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"Argh! What the hell?!" I growled aloud to no one in particular.

I was sitting at my desk hunched over my laptop and a pad of paper struggling with an ADF bearing-intercept problem. I'd been studying for the Commercial Pilot knowledge test and it had been going pretty easily until I hit this group of questions, and for some reason I just couldn't get my head around them.

"I'm an Advanced Ground Instructor!" I thought to myself. "I'm supposed to know this stuff!"

I confess that this is an all-too-common experience for me. Even though I "know better," my life-long habit of perfectionism and black-and-white thinking has been very persistent.

In last week's post, I argued against using affirmations of the kind recited by Al Franken's Stuart Smalley character as a source of confidence, but I also acknowledged that they can be very useful as reminders of things we actually believe but often forget. To help counter my perfectionist habits, I made an audio recording of some reminders (I can't bring myself to call them "affirmations") that I listen to regularly. As I sat there fuming in frustration, a phrase from that recording came to mind about how I prefer to respond to mistakes:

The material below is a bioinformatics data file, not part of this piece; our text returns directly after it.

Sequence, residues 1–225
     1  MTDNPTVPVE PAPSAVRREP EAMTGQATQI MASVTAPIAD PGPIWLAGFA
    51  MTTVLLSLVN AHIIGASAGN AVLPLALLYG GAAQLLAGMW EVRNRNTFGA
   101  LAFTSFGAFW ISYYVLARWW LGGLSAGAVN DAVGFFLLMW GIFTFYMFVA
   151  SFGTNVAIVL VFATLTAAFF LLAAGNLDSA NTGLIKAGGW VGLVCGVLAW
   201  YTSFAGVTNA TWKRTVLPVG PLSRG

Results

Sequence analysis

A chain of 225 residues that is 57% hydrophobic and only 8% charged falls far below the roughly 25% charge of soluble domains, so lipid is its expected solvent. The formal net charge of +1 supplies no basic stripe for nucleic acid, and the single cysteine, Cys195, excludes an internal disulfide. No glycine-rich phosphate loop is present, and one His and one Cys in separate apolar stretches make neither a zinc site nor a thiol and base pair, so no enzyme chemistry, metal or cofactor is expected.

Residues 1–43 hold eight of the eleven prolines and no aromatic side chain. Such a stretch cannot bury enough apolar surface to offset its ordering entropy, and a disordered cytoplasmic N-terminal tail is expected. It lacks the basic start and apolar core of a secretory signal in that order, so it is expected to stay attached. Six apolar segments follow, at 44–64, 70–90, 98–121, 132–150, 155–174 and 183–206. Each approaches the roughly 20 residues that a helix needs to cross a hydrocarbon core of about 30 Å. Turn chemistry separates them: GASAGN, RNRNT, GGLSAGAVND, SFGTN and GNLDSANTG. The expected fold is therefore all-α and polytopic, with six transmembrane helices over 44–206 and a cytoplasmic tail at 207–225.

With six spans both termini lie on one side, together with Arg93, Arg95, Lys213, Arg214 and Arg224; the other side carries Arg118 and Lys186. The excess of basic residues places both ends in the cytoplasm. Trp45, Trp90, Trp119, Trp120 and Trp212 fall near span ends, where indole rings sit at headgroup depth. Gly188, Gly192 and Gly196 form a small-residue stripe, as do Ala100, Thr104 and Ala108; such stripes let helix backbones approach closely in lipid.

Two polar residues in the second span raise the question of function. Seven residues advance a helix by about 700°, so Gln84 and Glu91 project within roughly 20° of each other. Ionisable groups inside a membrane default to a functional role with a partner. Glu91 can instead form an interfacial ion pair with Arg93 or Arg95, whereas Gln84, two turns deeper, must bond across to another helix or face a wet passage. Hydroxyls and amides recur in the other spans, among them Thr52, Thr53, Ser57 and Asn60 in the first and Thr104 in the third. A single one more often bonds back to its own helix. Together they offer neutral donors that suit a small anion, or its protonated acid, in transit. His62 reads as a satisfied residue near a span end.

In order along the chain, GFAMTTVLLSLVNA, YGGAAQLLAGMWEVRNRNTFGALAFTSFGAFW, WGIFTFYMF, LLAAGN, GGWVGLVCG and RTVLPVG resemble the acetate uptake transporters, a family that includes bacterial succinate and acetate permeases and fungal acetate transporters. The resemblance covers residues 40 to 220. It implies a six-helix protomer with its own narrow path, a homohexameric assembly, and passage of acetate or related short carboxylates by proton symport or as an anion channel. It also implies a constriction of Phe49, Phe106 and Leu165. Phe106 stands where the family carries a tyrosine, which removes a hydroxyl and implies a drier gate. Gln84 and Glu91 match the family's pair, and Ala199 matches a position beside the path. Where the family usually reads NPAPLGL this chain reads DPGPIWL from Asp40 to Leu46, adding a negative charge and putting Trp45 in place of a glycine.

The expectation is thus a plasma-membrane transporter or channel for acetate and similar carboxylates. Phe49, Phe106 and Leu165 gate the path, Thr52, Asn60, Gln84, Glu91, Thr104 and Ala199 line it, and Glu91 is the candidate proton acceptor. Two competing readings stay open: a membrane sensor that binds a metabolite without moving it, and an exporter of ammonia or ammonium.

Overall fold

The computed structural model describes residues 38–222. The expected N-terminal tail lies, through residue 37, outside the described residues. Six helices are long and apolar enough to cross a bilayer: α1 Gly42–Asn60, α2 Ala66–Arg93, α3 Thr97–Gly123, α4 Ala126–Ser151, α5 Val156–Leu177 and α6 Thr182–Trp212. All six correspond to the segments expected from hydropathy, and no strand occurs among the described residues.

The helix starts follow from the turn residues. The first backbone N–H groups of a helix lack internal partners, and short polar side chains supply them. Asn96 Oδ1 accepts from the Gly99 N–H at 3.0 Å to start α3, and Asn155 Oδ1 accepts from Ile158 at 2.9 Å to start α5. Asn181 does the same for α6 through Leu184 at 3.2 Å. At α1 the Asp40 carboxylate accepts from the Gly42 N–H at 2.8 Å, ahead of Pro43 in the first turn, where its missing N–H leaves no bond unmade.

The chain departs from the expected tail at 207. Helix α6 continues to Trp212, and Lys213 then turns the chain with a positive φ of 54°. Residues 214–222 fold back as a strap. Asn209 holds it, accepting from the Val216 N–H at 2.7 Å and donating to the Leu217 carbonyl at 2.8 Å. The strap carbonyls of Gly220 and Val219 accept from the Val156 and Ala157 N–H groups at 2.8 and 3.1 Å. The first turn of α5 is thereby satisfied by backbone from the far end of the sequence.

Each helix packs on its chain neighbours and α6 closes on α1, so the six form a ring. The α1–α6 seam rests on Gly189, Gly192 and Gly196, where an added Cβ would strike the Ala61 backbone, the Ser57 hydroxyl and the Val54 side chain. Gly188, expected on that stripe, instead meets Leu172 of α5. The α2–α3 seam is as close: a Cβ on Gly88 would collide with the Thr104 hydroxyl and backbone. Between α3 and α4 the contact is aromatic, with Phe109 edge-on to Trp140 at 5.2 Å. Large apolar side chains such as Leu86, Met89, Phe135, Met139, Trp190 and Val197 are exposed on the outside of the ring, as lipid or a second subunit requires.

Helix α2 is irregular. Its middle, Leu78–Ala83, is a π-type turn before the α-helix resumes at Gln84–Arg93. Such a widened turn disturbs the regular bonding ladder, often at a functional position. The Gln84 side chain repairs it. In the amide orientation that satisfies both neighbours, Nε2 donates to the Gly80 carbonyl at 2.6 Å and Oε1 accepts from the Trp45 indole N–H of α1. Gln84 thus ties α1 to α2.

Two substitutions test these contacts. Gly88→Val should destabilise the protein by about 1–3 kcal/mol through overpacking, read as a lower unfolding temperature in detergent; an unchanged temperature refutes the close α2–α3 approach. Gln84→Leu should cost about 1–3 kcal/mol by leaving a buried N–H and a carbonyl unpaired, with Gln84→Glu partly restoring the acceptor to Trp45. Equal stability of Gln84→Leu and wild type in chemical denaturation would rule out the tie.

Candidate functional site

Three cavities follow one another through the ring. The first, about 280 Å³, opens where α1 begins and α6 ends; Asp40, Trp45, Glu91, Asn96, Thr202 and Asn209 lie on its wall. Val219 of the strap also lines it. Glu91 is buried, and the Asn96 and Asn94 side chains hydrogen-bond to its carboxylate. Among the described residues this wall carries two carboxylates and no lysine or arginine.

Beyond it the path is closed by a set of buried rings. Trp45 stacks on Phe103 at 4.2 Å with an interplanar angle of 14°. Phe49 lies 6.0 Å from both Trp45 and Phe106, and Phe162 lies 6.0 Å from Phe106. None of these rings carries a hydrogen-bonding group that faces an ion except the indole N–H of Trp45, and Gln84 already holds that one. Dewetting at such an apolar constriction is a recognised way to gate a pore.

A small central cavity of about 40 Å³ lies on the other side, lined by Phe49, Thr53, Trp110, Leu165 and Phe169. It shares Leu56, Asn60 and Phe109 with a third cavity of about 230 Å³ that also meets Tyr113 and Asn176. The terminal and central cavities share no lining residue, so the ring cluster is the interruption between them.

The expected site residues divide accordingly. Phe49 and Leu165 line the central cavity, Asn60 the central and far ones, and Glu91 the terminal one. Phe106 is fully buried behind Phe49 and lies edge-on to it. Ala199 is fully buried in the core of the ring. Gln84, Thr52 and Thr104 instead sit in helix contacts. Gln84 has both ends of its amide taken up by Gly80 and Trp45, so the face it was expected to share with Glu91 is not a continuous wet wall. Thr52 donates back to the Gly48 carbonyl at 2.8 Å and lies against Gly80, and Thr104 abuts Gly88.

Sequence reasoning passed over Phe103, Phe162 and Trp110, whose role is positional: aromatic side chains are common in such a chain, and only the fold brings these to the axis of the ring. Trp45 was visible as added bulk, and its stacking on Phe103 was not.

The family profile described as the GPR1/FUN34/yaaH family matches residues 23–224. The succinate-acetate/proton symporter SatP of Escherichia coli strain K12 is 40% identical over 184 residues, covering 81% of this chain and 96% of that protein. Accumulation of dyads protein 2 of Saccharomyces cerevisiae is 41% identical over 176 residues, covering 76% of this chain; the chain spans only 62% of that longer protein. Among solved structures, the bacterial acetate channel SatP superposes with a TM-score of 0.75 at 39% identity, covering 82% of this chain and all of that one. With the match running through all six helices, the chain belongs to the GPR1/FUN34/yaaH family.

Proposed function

"I accept my mistakes with good humor, valuing them as an essential part of lifelong learning."

This reminded me that regardless of the standards of performance I set up for myself, mistakes are absolutely necessary, and so long as I want to continue learning, I must continue making them. This gave me just enough mental distance from the situation to let me ask my observe-act-observe questions and the answers immediately leaped out.

What do I notice?

Well, for one thing, I just tried to add my wind correction angle to my ground speed. Maybe this Advanced Ground Instructor had an Advanced Case of Fatigue!

What can I do?

Go to bed!

What are the results?

I immediately felt better both emotionally and physically. My breathing was deeper and more regular and the tension in my gut, jaw, and shoulders had relaxed. I heaved a deep sigh, closed the laptop, and sacked out for the night.

When I woke up in the morning, I almost immediately realized what I'd been doing wrong with the ADF problem.

"Oh, right! Where I am relative to the station determines whether a particular heading will intercept a given bearing. First figure out what quadrant I'm in and then pick the heading that will intercept the bearing." After a good night's sleep, it was easy!

OK, so maybe affirmations have their place in the pursuit of confidence after all. Sorry, Stuart—I didn't mean to dis you!

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